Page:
Europa might have the kind of tectonic plate activity that causes earthquakes here on our planet, and for that moon of Jupiter, it could be essential for supporting alien life.

A new investigation shows that Europa could be home to a process called subduction, in which one section of the planet’s crust squeezes underneath another. Although Europa is covered in ice, scientists have suggested that there could be an ocean lurking underneath — and subduction would be one way the moon delivers food to creatures living within it.

“Europa may be the only planetary body other than Earth to have plate tectonics,” the scientists wrote in their study, published in the Journal of Geophysical Research: Planets.

Previous research has shown that certain sections of the icy shell covering Europa expands just like mid-ocean ridges, the mountainous areas on Earth’s seafloor that develop as a result of tectonic activity. The scientists on this study used computer models to figure out whether the moon’s structure would allow for tectonic plate movement like that and whether subduction can occur on the ice-covered moon. Among their results, they found that the differing levels of salt believed to exist in the outer ice shell helps this subduction process along, because it creates sections of varying densities that allow some to sink below others.

europa-surface Europa, a moon of Jupiter, might be hosting alien life because it has oceans beneath its icy surface. Photo: NASA

By comparison, tectonic plate subduction on Earth occurs through varying temperatures, because the cooler material is denser and sinks more.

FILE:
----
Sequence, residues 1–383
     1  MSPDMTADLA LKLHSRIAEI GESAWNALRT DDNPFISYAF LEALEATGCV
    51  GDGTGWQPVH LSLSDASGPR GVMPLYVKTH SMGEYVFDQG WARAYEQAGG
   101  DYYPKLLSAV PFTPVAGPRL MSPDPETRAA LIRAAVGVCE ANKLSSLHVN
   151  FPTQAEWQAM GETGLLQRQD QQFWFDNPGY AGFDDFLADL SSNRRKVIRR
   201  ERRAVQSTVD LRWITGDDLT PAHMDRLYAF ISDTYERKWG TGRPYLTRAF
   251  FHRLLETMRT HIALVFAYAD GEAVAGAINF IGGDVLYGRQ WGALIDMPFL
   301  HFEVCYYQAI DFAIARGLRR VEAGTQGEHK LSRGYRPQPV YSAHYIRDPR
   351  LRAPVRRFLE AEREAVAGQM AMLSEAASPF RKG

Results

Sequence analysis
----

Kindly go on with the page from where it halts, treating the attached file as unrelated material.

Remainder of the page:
Finding the process is possible on Europa has implications in the search for alien life, because subduction could help transport nutrients for extraterrestrial life forms from the surface and down into the planet’s interior, where many scientists have suggested that there is an ocean.

On Europa, the “surface crust is enriched with oxidants and other chemical food for life,” according to Brown University. “Subduction provides a means for that food to come into contact with the subsurface ocean scientists think probably exists under Europa’s ice.”

According to the study, the possible subduction of tectonic plates could also tell scientists more about Europa’s composition and about our own home.

“It’s fascinating to think that we might have plate tectonics somewhere other than Earth,” researcher Brandon Johnson said in the Brown statement. “Thinking from the standpoint of comparative planetology, if we can now study plate tectonics in this very different place, it might be able to help us understand how plate tectonics got started on the Earth.”